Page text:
Perspective: Morning Commentary for April 15

Perspective: Morning Commentary
Arlan Suderman
Chief Commodities Economist


April 15 – It’s Tax Day in the States, but Wall Street traders are focused on positive bank earnings reports and optimism that the Middle East war will remain contained, despite Iran’s attempts to hit Israel over the weekend. Goldman Sachs reported its best earnings since the third quarter of 2021, while traders also focus on hopes that Israel will show restraint toward additional responses to Iran’s weekend missile attack. The VIX is trading near 16 this morning, while the dollar index is trading near 105.9. Yields on 10-year Treasuries are trading near 4.61%, while yields on 2-year Treasuries are trading near 4.97%. Yields on 10-year Treasuries are posting fresh five-month highs this morning, while the dollar index did so earlier this morning. Crude oil prices pulled back this morning on the optimism that the Middle East war will remain contained, but it too is trading just below five-month highs. The grain and oilseed markets traded quietly lower overnight.


Retail sales grew 0.7% month-on-month in March, beating analyst expectations of 0.4% growth. The larger-than-expected month-on-month gains came despite a big upward revision of the February numbers to show 0.9% growth during the month, up from the 0.6% grow originally reported. Retail sales were up 4.0% year-on-year in March, with first quarter sales up 2.1% year-on-year. Furthermore, retail sales minus vehicles rose 1.1% month-on-month in March, more than doubling analyst expectations of 0.5% growth. The February data was also revised to show 0.6% growth month-on-month, doubling the 0.3% growth originally reported. Retail sales minus vehicles and gas rose 1.0% month-on-month, beating analyst expectations of 0.3%, and above an upwardly revised 0.5% for February. These are strong numbers, meaning that the Federal Reserve has little incentive to cut rates when the economy is continuing to show this resiliency. In fact, cutting rates now could encourage even more reinflation pressure.


Tensions remain high in the Middle East today, as the world waits to see whether open warfare will erupt between Israel and Iran, dragging the United States into the conflict in the process. Israel says that “the campaign is not over yet,” but Europe and the United States are urging restraint, which is just what Iran wants as well, following its blistering attack on Israel over the weekend that largely came up empty. Israel’s war cabinet is set to convene in the hours ahead to make a decision on its response to Iran’s weekend attack, which included more than 300 missiles and drones targeting Israel. However, the only reported serious injury from the attack was a seven year old hurt by shrapnel due to the effectiveness of Israel’s “Iron Dome” defense system that reportedly shot down 99% of the missiles and drones entering Israel’s airspace.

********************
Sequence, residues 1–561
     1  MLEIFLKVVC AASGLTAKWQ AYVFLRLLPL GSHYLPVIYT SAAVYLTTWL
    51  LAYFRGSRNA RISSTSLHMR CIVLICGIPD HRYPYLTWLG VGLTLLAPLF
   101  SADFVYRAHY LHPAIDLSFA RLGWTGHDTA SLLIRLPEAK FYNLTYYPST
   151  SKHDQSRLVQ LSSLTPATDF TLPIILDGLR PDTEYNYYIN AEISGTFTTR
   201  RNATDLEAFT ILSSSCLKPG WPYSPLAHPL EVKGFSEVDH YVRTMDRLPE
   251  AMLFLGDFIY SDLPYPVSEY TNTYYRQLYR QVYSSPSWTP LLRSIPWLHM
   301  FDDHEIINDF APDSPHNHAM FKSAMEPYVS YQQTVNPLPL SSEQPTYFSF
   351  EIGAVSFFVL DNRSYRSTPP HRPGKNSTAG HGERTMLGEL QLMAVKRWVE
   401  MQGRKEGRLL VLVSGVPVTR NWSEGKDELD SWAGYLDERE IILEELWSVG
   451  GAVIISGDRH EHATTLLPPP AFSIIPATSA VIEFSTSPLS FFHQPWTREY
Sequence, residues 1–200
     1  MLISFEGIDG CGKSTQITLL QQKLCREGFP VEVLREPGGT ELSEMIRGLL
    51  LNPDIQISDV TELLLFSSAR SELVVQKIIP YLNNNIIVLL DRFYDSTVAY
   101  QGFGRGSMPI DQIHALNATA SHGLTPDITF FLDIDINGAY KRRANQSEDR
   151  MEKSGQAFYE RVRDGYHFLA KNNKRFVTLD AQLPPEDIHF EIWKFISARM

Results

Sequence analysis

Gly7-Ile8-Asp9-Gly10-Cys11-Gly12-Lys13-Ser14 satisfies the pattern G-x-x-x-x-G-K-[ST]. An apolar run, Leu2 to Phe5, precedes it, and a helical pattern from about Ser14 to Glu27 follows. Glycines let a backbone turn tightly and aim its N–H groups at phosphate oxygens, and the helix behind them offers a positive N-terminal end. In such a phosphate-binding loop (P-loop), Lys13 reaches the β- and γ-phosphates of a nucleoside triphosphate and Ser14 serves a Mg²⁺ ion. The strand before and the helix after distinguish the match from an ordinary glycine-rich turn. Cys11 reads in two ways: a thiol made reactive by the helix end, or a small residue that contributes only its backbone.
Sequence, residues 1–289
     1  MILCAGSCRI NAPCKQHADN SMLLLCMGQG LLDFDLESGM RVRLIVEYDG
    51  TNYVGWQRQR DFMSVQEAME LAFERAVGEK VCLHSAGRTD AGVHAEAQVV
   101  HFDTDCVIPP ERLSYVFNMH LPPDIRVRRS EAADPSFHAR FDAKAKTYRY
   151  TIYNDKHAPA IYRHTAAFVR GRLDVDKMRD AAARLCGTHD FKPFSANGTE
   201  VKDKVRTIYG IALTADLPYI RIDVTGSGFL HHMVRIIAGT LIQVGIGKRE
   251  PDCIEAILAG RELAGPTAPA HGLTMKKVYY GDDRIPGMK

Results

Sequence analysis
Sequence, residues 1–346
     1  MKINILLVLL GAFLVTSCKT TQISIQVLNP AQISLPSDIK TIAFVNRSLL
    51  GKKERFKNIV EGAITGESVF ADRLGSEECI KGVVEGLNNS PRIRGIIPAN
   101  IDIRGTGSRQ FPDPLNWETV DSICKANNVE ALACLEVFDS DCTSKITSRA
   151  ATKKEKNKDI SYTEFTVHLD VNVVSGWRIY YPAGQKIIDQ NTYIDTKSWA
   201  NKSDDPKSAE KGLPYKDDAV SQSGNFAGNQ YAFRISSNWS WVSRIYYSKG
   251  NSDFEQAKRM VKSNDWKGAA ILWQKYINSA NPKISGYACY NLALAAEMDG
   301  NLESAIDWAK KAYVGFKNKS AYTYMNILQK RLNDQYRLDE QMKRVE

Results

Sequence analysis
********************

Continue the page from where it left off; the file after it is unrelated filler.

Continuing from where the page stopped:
There are plenty of geopolitical complications involved in how this unfolds, but the commodity markets are most impacted if the conflict transforms into a regional conflict that results in damage to infrastructure for the production and/or export of crude oil and its products. Let’s not forget that the war in the Black Sea continues as well, with Ukraine striking refineries deep inside of Russia in recent weeks, trying to reduce the supply of fuel available for Russia’s war efforts. Both countries have thus far maintained restraint in not attacking oil export capacity in the region, but what happens if a ship sinks in the region. That could make shippers reluctant to move either energy or food cargoes out of this major production hub of the world. These are the geopolitical risks that haunt traders in this world of instability that we currently find ourselves.


Deflation concerns and last week’s weak trade data continue to cloud China’s outlook, although its stock market ended higher today as China took more steps to restrict selling in the market. March credit demand in China, from both businesses and from residential customers, was weaker than expected. Bank loans in these sectors rose by 3.09 trillion yuan in March, but that was below last year’s 3.89 trillion yuan, and it fell below market expectations of 3.56 trillion yuan. The primary problem continues to be stagnant demand for property. Household medium- to long-term loans are down 30% year-on-year. This suggests that China’s various steps taken to stimulate its economy have done little to improve consumer confidence in the economy to this point.


The grain and oilseed sector lacks a story currently. We should see good early corn planting progress in this afternoon’s USDA weekly crop progress report, while hot winds likely pulled hard red winter wheat condition ratings a bit lower. Nonetheless, cheap wheat continues to flow out of the Black Sea, and the world is adequately supplied with corn and soybeans currently as well.

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